Photo/Illutration Residents inspect earthquake-damaged buildings in Mamuju, West Sulawesi, Indonesia, on Jan. 15. (AP Photo)

JAKARTA--A strong, shallow earthquake shook Indonesia’s Sulawesi island just after midnight, causing landslides and sending people fleeing from their homes in the nighttime darkness. At least three people died and 200 were injured, but authorities were still collecting information from devastated areas.

In a video released by the National Disaster Mitigation Agency, a girl trapped in the wreckage of a house cried out for help and said her mother was alive but unable to move out. “Please help me, it’s hurt,” the girl told rescuers, who replied that they desperately wanted to help her.

In the video, the rescuers said an excavator was needed to save the girl and others trapped in collapsed buildings. Other images in the video showed a severed bridge and damaged and even flattened houses. TV stations reported the earthquake damaged part of a hospital and patients were moved to an emergency tent outside.

Another video showed a father cried hopeless, asking help from people to save his children buried under tons of his house rubble. “My children there… they are trapped inside, please help,” he cried in panic.

Thousands of displaced people were evacuated to several temporary shelters. The magnitude 6.2 quake early Friday was centered 36 kilometers south of West Sulawesi province’s Mamuju district, at a depth of 18 kilometers, the U.S. Geological Survey said.

Three people died when their homes were flattened by the quake as they were sleeping, said Sirajuddin, the Majene district’s disaster agency chief.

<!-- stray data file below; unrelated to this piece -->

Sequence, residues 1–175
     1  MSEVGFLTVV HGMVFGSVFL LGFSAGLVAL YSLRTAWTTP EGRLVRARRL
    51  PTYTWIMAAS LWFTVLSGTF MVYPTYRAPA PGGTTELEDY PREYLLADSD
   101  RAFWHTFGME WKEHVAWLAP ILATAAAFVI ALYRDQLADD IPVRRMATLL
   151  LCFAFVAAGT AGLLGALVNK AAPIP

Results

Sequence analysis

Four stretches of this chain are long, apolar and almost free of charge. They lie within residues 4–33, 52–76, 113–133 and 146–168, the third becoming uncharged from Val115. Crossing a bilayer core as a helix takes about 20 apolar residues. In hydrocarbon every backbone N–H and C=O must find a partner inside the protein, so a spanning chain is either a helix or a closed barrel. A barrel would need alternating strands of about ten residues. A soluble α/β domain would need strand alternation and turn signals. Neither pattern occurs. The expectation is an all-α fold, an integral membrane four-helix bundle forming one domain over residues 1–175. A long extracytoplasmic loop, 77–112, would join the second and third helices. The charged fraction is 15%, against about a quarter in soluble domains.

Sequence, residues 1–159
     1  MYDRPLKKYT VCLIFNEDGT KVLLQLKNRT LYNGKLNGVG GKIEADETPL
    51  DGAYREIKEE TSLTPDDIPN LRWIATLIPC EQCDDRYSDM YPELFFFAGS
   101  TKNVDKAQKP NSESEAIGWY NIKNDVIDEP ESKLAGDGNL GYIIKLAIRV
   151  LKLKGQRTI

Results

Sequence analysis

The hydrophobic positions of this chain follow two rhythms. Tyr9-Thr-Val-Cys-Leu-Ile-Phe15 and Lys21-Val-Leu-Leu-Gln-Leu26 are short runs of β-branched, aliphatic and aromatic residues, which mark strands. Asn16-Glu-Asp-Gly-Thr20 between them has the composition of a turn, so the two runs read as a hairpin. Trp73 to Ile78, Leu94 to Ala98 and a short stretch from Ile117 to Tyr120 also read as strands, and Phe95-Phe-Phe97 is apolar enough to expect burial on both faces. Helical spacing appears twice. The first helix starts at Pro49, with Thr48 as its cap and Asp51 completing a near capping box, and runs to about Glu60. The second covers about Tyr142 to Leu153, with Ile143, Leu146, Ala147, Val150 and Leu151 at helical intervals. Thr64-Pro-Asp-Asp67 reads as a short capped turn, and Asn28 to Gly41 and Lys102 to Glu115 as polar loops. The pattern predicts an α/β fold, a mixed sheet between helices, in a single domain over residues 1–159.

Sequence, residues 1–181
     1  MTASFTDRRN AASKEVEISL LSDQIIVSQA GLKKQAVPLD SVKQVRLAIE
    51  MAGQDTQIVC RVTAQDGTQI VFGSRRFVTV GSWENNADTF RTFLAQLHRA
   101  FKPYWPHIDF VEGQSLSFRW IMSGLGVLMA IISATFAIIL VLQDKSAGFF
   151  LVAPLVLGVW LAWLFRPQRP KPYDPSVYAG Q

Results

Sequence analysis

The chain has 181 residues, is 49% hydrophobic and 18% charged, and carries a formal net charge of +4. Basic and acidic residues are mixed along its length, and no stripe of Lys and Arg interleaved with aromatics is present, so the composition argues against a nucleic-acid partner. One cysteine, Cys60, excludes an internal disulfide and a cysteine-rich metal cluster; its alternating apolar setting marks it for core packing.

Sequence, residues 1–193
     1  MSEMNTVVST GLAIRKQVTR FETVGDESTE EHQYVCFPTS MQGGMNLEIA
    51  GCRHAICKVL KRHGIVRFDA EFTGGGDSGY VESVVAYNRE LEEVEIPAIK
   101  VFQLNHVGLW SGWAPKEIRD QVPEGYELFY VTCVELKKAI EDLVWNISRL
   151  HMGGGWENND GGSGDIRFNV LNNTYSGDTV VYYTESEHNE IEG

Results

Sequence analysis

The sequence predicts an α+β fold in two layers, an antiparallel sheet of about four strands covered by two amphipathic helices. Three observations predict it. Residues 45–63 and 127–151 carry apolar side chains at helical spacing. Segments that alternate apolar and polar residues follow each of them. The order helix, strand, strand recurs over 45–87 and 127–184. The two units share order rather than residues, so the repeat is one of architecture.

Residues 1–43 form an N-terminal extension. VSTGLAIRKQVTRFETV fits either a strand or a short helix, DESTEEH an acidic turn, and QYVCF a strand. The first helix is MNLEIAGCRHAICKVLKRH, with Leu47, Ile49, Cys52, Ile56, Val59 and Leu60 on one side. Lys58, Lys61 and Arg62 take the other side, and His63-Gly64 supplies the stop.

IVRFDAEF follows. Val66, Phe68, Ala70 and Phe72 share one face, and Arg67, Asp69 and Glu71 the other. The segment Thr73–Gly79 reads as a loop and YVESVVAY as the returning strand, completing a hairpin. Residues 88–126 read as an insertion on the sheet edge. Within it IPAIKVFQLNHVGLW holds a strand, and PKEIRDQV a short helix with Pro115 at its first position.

Sirajuddin, who goes by one name, said at least 218 people were injured so far, as more than 300 houses and buildings were damaged, including a hospital, health clinics, hotels and offices.

He said although the inland earthquake did not have the potential to cause a tsunami, people along coastal areas ran to higher ground in fear one might occur. Some 10,000 people are now in several temporary shelters.

In its neighboring district of Mamuju, at least 62 houses, a public health center and a military office were damaged and landslides were set off in three locations and blocked a main road connecting Mamuju to the Majene district, said Raditya Jati, the disaster agency’s spokesperson. He said the agency is still collecting data from areas struck by the quake.

On Thursday, a magnitude 5.9 quake hit under the sea in the same region, damaging several homes but causing no apparent casualties.

Indonesia, a vast archipelago of 260 million people, is frequently struck by earthquakes, volcanic eruptions and tsunamis because of its location on the “Ring of Fire,” an arc of volcanoes and fault lines in the Pacific Basin.

In 2018, a 7.5 magnitude earthquake in Palu on Sulawesi island set off a tsunami and caused soil to collapse in a phenomenon called liquefaction. More than 4,000 people died, many of the victims buried when whole neighborhoods were swallowed in the falling ground.

A powerful Indian Ocean quake and tsunami in 2004 killed 230,000 people in a dozen countries, most of them in Indonesia.